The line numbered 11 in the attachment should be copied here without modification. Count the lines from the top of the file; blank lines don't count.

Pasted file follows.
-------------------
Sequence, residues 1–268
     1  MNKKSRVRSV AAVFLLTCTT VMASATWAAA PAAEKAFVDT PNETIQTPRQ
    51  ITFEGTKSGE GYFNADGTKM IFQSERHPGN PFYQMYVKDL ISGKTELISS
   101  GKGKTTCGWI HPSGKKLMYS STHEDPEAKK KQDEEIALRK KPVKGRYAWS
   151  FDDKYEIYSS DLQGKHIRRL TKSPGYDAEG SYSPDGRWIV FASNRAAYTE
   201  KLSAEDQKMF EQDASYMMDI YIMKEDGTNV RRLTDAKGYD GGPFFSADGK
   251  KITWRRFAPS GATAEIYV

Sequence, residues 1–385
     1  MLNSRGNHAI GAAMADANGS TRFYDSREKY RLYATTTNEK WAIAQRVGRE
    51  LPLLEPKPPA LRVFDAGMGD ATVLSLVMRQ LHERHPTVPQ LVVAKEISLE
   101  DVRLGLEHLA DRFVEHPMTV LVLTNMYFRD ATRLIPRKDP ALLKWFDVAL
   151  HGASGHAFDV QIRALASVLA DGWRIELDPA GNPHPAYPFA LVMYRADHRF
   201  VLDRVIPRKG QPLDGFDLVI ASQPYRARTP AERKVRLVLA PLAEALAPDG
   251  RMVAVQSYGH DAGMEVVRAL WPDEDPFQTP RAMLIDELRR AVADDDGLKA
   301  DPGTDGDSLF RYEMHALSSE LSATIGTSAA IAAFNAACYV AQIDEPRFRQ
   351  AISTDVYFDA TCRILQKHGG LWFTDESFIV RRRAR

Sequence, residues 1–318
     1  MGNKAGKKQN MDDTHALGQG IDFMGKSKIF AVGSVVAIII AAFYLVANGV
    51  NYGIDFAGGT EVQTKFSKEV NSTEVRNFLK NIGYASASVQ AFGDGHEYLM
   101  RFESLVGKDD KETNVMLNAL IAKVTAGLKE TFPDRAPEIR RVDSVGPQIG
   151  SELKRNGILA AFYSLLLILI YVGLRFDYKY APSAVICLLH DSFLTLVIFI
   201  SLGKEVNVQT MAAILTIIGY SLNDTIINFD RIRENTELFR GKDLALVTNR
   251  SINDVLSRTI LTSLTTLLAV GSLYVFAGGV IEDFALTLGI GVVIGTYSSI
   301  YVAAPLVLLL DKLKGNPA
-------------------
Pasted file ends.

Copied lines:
   101  DVRLGLEHLA DRFVEHPMTV LVLTNMYFRD ATRLIPRKDP ALLKWFDVAL